Richard Wagner, a Chief Justice favorable to Francophones? (Translated using Google Translate)

Posted on by

Unsurprisingly, the Prime Minister has respected the principle of alternation, in place since the Second World War with one exception, which consists in successively choosing a judge from outside Quebec, stemming from the tradition of the common law, then a Chief Justice from Quebec civil law. In the last few days, however, several Liberal members had suggested that the choice could be made by seniority.

Canada’s first leader to appoint a Chief Justice to the Supreme Court of Canada since Jean Chrétien, Justin Trudeau has finally chosen a Quebec judge in the person of Mr. Wagner, who was the favorite of the predictions.

The appointment of Justice Wagner could have a significant impact on Francophones outside Quebec, as the decisions of the highest court in the country have had an impact on several important issues, including that of education, in recent decades .

The Federation of Francophone and Acadian Communities (FCFA) in Canada did not fail to send a clear message to the new Chief Justice.

“I would like to congratulate Judge Wagner on his new role at the highest court in our country. I wish the new Chief Justice to preside over a tribunal where language rights are interpreted broadly and liberally, in keeping with the approach taken by the Supreme Court in Beaulac two decades ago, “said the President. of the organization, Jean Johnson, by way of press release.

Favorable decisions for francophones

According to Mr. Wagner’s recent pronouncements, the new Chief Justice could be a valuable ally for Francophone communities in a minority context.

Since his appointment, he has notably supported the obligation to compensate Air Canada in the Thibodeau case in 2014. He also participated in the unanimous vote in the Rose-des-Vents case, in April 2015, and was one of the dissenting judges in the Caron-Boutet case, supporting their arguments. This case, ultimately lost before the Supreme Court of Canada, was intended to determine, after twelve years of linguistic and judicial saga, whether the Government of Alberta had the right to legislate only in English.

Mr. Wagner, on the other hand, was behind his peers to ask the trial court for a new trial on the issue of education in French in the Yukon in 2015.

The Dean of the Faculty of Law, Common Law Section of the University of Ottawa, François Larocque, is cautious, however.

“The appointment of Mr. Wagner is excellent news. He is a judge of great experience, a lawyer who has a proven track record and is familiar with the Canadian judicial system. It is always positive to have a francophone in this position, but even though Mr. Wagner is sensitive to minority language groups, it is difficult to rely on his previous decisions as an indication of his future decisions. ”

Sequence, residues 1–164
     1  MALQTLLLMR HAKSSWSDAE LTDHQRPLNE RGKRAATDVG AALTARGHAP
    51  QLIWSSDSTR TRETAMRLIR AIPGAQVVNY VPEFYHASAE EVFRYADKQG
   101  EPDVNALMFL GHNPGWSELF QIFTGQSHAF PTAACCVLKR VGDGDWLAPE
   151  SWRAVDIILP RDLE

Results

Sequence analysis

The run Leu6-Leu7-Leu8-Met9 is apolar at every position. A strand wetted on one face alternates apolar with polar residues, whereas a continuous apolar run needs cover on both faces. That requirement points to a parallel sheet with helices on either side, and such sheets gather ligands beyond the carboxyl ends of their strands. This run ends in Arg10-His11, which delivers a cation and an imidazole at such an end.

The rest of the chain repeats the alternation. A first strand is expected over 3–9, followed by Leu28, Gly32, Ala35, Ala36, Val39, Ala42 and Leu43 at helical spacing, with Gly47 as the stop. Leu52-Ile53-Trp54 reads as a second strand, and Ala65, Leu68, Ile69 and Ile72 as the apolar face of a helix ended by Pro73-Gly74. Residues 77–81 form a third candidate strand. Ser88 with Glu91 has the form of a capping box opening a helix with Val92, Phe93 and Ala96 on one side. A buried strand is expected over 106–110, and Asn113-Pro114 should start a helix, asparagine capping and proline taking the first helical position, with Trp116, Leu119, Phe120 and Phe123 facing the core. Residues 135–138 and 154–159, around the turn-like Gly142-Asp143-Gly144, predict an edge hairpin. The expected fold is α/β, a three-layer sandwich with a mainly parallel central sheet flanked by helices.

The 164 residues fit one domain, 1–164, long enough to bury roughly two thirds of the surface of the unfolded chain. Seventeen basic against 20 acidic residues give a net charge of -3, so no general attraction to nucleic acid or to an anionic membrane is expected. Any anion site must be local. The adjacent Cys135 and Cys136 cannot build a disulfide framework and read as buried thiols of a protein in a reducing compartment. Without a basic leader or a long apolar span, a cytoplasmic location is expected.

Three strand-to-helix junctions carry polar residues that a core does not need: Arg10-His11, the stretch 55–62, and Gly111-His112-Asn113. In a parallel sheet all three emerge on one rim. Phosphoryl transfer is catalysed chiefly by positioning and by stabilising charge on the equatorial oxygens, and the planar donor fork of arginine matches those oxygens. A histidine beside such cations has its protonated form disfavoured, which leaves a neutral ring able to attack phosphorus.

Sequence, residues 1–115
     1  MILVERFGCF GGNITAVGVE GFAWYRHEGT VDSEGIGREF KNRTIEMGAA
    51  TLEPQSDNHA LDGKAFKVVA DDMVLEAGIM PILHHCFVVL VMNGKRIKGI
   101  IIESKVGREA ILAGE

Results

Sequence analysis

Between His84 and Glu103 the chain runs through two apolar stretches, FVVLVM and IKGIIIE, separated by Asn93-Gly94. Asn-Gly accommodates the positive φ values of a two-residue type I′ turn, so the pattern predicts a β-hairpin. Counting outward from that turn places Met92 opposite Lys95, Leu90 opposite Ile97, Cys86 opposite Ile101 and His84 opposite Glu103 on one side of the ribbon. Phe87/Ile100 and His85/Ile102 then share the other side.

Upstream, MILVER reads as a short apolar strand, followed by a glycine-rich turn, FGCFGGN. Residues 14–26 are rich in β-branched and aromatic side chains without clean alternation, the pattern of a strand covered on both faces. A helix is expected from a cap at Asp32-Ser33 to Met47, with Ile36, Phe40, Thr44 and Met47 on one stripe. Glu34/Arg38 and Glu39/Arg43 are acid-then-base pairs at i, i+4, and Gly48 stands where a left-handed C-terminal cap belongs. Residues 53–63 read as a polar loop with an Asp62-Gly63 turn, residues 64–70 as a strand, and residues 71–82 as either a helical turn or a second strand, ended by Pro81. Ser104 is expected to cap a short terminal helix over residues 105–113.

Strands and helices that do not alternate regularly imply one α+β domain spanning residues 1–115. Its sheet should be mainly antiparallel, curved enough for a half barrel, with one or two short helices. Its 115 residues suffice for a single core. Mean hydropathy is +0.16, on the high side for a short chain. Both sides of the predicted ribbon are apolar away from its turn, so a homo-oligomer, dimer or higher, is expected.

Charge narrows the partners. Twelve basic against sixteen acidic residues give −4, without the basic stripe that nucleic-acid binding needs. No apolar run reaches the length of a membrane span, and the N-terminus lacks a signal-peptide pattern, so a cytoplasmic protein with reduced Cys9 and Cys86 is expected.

The president of the Federation of French-speaking Common Law Lawyers Associations (FAJEF), Daniel Boivin, sets some expectations in this appointment.

“The appointment of a Quebec judge suggests that he will be sensitive to issues related to judicial bilingualism, as the Quebec legal community has always been. Without making a public pronouncement, the Chief Justice, as the head of the Canadian judiciary, has a significant impact on departmental policy by being consulted by the government. We have no reason to believe that he will not be an ally of francophones. ”

Graduate from the University of Ottawa

Appointed to the Supreme Court of Canada in October 2012, under the government of Stephen Harper, Richard Wagner is from Montreal. He holds a Bachelor of Social Science degree with a concentration in Political Science from the University of Ottawa, and is a graduate of the University of Ottawa’s Faculty of Law.

A pride for Mr. Larocque who points out that Mr. Wagner is the second Chief Justice of the Supreme Court of Canada to have passed through the Faculty of Law of the University of Ottawa, after Joseph Honoré Gérald Fauteux, Chief Justice of 1970 to 1973.

A member of the Quebec Bar since 1980, Mr. Wagner then sat on the Quebec Superior Court from 2004, before joining the Quebec Court of Appeal in 2011.

At the age of 60, he succeeded Alberta judge Beverley McLachlin, the first woman to hold the position, who will retire on December 15, after nearly 18 years in this position. Justice Wagner will be sworn in as Chief Justice and Member of the Queen’s Privy Council for Canada on December 18


Comments are closed.